Freedom, democracy and the separation of powers, effective legal protection with independent courts, a sense of humanitarian responsibility oriented to the common weal, free media and a free and diverse culture: these are the pillars on which our country’s success rests.
A dialogue on the concept of freedom is an integral part of our cultural dialogue. A person is not free simply because he or she is not sitting in jail. We need only think of Ai Wei Wei, Aung San Suu Kyi and many others to see the truth of that.
Just how free is someone really if he is constantly aware that, although he can speak unhindered everywhere, one wrong word might land him in prison? In many countries, simply asking the doorman at a branch of the Goethe-Institut for directions makes you the object of suspicion. That ideas have immense power becomes clear when one considers the huge efforts autocracies undertake to suppress them.
When a film like “The Lives of Others” wins an Oscar and is then shown uncut by Goethe-Instituts around the world, this says a lot about the current state of German society. It is a state of which one can justly be proud. Because reflecting critically on our own history is part of our cultural identity. The Goethe-Institut is rightly proud of an understanding of culture which does not ignore the dark chapters in our country’s history.
Demographic developments in Germany will pose new tasks for the Goethe-Institut. It is no longer a question of whether we will be dependent on immigration to maintain our country’s prosperity, but when.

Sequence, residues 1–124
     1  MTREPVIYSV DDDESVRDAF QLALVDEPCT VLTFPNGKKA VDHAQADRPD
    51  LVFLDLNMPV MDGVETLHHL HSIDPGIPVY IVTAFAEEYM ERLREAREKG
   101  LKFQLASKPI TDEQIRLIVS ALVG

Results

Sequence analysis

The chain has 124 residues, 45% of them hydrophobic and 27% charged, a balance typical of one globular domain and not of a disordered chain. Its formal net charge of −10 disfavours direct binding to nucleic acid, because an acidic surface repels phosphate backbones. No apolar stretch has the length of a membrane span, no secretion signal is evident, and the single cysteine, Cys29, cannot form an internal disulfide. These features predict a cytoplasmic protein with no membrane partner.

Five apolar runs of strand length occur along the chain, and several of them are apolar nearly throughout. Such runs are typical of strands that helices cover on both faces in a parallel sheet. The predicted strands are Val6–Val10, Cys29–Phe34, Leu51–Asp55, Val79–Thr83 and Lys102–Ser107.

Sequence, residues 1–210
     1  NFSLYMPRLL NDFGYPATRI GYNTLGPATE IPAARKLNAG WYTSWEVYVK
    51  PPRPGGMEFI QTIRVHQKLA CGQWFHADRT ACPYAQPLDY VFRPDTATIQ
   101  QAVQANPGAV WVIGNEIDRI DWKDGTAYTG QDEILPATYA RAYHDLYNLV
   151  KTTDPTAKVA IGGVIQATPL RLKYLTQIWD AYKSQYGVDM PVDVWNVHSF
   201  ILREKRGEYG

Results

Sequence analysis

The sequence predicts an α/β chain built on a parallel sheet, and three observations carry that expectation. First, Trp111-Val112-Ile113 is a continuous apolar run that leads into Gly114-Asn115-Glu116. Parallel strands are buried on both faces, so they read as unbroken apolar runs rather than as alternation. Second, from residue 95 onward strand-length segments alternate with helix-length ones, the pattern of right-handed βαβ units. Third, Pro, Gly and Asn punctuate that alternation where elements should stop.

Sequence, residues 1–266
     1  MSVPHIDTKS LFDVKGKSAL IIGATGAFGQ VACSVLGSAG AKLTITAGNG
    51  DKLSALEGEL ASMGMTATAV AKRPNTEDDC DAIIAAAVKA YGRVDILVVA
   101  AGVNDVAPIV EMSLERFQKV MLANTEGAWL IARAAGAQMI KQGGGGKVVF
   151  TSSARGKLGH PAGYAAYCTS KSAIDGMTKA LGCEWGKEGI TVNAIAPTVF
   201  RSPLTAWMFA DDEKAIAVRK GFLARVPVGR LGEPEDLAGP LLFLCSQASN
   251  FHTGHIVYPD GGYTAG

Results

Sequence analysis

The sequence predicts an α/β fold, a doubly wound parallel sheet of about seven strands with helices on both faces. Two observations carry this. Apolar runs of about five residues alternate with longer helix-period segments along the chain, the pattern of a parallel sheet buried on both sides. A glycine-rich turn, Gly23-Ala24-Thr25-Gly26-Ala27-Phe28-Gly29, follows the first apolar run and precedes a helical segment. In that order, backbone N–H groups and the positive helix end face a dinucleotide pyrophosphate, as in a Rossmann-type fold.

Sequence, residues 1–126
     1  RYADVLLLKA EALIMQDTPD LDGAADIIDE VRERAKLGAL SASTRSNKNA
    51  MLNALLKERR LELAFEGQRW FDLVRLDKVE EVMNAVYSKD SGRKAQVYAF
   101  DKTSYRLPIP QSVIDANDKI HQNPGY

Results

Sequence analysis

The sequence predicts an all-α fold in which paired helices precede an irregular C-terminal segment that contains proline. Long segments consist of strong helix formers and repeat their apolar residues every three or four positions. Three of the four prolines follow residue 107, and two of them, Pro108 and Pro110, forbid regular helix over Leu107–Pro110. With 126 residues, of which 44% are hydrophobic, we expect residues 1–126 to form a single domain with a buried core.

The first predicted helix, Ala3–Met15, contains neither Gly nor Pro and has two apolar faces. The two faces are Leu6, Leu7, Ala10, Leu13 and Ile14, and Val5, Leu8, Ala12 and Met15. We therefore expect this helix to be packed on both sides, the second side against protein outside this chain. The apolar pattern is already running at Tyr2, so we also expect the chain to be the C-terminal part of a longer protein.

There is creative potential in globalization, but it is not exclusive to Germany. This is true of art and culture, but equally of engineers and technicians, product developers and inventors. These are all people whose interest in our country we want to arouse. Cultural relations policy will become even more important in the competition for the best brains.
The experts we need are also needed elsewhere. And the ones we want will see that doors are wide open for them elsewhere too. A few years ago, only very few Indian engineers were coming to Germany, despite the new green card. The obstacles were too great, and what was on offer wasn’t attractive enough.
The lesson is clear. We must make people curious about Germany.We must make our country attractive for people from very different cultural circles. Everyone coming to Germany has to be able to feel sure that they and their families will feel welcome in our midst. Only if people think they are likely to give their lives a positive turn by having contact with Germany will they take the trouble to learn German.